An Eventful Week

#job

Last week was life-changing, to say the least. I was interviewed for two maître de conférences(1) positions, one in Université Paris Diderot, the other in Université Paris-Sud. And… I got ranked first for both jobs! So by all accounts I should have a permanent position next September. The difficult question I have to answer soon is which one. As they correspond to rather different profiles and expectations, this is not an easy choice.

I am of course extremely happy and I feel extremely lucky. This would not have been possible without the support of many people, foremost my former advisor Benoit Fresse, who gave me a lot of advice on how to navigate the French academic maze. My current supervisor, Thomas Willwacher, has also been a great support, and I thank him too.

This week I am in Vancouver, where I participated in the wonderful workshop Graph Complexes, Configuration Spaces and Manifold Calculus. (The change of scenery also helped me get some perspective on the MCF positions.) Next week I’m in Regina to talk with Don Stanley and Paul-Arnaud Songhafouo Tsopméné, then after that I go to the Fields Institute in Toronto to give a talk as a junior speaker at the Séminaire de mathématiques supérieures 2018. By then I will know in which Parisian university I will work!

PS: I have a new paper, Curved Koszul Duality for Algebras over Unital Operads. Take a look!


(1) The following paragraphs are intended for people unfamiliar with the French academic system.

In France, there are two kinds of faculty positions: maître de conférences (junior, abbreviated as MCF) and professeur des universités (senior, PR). Very roughly speaking, MCF positions would correspond to an “assistant/associate professor” position in the US or a “lecturer” position in the UK, for example. The French ministry of higher education provides a correspondence table to compare French positions with positions in other countries – the left column is maître de conférences, the right column is professeur.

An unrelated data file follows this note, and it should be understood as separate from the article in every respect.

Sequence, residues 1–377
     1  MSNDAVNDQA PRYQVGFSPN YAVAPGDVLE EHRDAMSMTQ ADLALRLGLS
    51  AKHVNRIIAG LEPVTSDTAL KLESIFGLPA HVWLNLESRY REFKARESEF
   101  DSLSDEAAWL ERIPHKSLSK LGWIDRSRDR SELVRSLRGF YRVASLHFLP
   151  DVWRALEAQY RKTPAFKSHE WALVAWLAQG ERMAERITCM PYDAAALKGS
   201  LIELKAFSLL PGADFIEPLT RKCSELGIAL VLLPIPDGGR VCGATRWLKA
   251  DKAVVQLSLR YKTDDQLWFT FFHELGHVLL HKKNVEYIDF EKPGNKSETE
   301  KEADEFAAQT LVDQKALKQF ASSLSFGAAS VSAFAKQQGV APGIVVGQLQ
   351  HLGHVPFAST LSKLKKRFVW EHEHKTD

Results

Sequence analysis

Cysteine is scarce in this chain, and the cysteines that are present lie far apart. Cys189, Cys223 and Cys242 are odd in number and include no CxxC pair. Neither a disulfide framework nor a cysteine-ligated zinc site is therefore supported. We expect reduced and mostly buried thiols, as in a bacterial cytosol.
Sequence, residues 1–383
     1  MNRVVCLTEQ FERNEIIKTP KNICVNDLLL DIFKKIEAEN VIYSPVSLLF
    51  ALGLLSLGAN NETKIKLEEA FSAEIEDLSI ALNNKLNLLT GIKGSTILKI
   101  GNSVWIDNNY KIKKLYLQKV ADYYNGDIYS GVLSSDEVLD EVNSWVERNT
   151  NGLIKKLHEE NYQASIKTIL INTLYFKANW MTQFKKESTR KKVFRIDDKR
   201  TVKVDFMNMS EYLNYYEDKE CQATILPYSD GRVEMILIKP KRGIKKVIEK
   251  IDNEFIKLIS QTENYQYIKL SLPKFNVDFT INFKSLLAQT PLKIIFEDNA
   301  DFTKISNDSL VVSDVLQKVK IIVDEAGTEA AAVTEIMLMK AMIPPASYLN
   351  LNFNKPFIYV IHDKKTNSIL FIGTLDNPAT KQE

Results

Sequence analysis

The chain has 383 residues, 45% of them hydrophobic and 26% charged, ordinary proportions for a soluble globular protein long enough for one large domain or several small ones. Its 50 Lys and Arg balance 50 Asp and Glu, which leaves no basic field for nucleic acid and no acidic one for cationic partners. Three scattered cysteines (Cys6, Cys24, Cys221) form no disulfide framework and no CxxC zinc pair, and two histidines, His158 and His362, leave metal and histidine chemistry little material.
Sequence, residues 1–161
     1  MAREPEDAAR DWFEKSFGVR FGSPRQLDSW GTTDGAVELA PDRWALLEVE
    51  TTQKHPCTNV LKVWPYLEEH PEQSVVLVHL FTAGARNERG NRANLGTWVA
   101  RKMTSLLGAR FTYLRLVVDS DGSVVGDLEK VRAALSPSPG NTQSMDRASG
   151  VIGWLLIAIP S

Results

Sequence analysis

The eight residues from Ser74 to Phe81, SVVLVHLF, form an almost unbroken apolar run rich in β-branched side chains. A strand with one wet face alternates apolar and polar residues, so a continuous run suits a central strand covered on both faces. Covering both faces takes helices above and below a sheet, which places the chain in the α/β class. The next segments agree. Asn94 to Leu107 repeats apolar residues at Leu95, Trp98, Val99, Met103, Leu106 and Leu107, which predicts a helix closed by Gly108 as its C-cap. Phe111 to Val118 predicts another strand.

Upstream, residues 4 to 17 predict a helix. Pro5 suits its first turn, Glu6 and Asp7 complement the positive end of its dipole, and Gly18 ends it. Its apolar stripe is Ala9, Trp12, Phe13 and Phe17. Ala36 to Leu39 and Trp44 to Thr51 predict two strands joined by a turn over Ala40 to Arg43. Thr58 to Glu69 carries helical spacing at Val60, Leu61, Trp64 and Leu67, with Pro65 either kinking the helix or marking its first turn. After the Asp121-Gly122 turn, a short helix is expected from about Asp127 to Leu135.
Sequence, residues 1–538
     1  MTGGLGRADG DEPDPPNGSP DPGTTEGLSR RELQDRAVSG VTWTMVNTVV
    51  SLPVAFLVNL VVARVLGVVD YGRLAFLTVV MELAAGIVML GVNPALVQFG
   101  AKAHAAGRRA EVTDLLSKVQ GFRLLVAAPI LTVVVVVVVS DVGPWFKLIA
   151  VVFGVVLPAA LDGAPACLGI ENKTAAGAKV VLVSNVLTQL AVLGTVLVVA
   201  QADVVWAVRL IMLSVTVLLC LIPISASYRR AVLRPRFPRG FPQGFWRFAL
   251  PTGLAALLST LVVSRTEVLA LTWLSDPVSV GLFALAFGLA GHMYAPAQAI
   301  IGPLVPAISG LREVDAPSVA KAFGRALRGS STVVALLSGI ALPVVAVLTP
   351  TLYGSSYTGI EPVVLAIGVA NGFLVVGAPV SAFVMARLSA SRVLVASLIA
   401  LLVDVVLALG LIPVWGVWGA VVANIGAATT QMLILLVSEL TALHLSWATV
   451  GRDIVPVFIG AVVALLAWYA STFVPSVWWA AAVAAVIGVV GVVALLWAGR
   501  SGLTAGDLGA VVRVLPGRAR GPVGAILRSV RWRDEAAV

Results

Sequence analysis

It is rather more common to hire younger people for permanent positions in France, which explains how I got one before turning 40. From what I understand, getting a professeur position is possible after about 5–10 years, the intermediate step being the habilitation à diriger des recherches (HDR), a diploma necessary to supervise doctoral students and qualifying for PR positions. Perhaps one more piece of info: becoming PR position is not a promotion, it is a new position altogether, and many people stay MCF their whole lives. To get the position, it is necessary to participate in the same kind of competition as the one for becoming MCF, and – at least in math – it is impossible to get a professor position in the university where you already work. But one step at a time!

There is no concept of “tenure” in France. Instead, faculty members are civil servants, and as such enjoy the main and perhaps only privilege of civil servants: the administration needs a very good reason to fire you. However, the first year as a maître de conférences is a “probation” year (stage in French), at the end of which it is possible to lose the position. So it is a very fast tenure-track, in a sense, the differences being that 1. I have never heard of anyone not getting the “tenure” at the end, and 2. the administration needs a good reason to let you go at this end of this probation; “you are not good enough” is not one. However, it is possible for the “probation” to be extended one year, and I have heard of this happening. It is not a “done deal”.